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Tim_Tex
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12 Mar 2008, 9:59 am

I dropped my calculus class, as well as my structural geology course, and now they are starting my grace period for my student loans.

And I still have 1 1/2 years to go for a degree. And I may not be eligible for financial aid next year because of this. And I won't be able to find a job over the summer because the job market is terrible.


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AnonymousAnonymous
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12 Mar 2008, 4:13 pm

Why, Tim, why?! 8O


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Phagocyte
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12 Mar 2008, 10:07 pm

Why did you drop the courses, Tim?


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hyperbolic
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12 Mar 2008, 10:23 pm

I hope that before dropping those classes you had a reasonable, strong feeling that you were going to get an F in both of them. I've dropped a couple of classes before for stupid reasons besides grades, and I wish I had not been so hasty about doing so.



Phagocyte
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12 Mar 2008, 10:34 pm

And sometimes, painful as it is to admit it, it's best to suck it up and get a D or a C. One or two bad grades won't kill your transcript, and, especially if it's a needed prerequisite, it can really set you back, and keep in mind that having a lot of dropped courses on your transcript doesn't look so hot either. Plus, isn't it expensive to keep dropping courses?


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Tim_Tex
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13 Mar 2008, 7:15 am

Phagocyte wrote:
And sometimes, painful as it is to admit it, it's best to suck it up and get a D or a C. One or two bad grades won't kill your transcript, and, especially if it's a needed prerequisite, it can really set you back, and keep in mind that having a lot of dropped courses on your transcript doesn't look so hot either. Plus, isn't it expensive to keep dropping courses?


I was struggling in both of the courses, and if I hadn't dropped, I would have gotten an F anyway.


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Phagocyte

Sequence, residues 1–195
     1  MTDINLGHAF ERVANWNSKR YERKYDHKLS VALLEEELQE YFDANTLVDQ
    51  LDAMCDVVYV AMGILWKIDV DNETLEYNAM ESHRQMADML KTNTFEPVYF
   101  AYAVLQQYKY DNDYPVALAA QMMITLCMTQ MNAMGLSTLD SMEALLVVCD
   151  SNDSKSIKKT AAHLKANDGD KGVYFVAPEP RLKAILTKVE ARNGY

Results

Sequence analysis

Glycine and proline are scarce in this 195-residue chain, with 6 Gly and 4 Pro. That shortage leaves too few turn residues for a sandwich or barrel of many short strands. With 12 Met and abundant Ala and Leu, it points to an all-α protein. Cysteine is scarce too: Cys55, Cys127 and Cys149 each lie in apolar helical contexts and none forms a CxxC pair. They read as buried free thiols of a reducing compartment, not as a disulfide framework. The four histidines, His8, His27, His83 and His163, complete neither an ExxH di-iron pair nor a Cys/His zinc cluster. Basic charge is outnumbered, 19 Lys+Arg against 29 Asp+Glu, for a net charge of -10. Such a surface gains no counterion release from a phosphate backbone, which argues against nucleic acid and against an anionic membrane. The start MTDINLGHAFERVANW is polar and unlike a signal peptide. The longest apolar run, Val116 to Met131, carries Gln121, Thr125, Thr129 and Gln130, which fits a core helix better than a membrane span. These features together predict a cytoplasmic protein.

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13 Mar 2008, 11:23 am

Was tutoring an option?


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klick
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13 Mar 2008, 11:28 am

Phagocyte wrote:
And sometimes, painful as it is to admit it, it's best to suck it up and get a D or a C. One or two bad grades won't kill your transcript, and, especially if it's a needed prerequisite, it can really set you back, and keep in mind that having a lot of dropped courses on your transcript doesn't look so hot either. Plus, isn't it expensive to keep dropping courses?


It depends on the program. A C or, particularly, a D could pose a problem if your GPA is borderline already, or if the you're school has strict standards. Last quarter I got two B's and a C, and because I'm expected to maintain a 3.0 GPA (B average), I was given an academic warning. A C or D poses a pretty big threat to my GPA because the standard is so high. I'm not sure how things work at Tim_Tex's program, but it's something to think about.


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Last edited by klick on 13 Mar 2008, 4:08 pm, edited 1 time in total.

Phagocyte
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13 Mar 2008, 11:34 am

Very true, but undergraduate programs are generally more lenient (at Rutgers you are in danger of flunking out if your GPA goes below 2.0 in the undergrad program, but 3.0 in the graduate program). If I recall, Tim did very well in his first semester.

I don't understand though Tim, why were weren't able to acquire a tutor or at least meet with your professors and try to rectify your problem?


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Tim_Tex
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13 Mar 2008, 3:00 pm

Phagocyte wrote:
Was tutoring an option?


In the structural geology, the only "tutor" was the professor, and he can't teach to save his life.

I was struggling in calculus because (a) the anxiety regarding my structural geology class was bringing my grades down in there, (b) I finally reached some parts I couldn't understand, (c) my professor isn't always there when I need him, and (d) I am completly rusty when it comes to trig--I did take a college trig class, but it was 7 years ago.


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Tim_Tex
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17 Mar 2008, 9:39 am

Update: The financial aid people at my school said I could defer payments until after I graduated from the school I will begin attending next fall.


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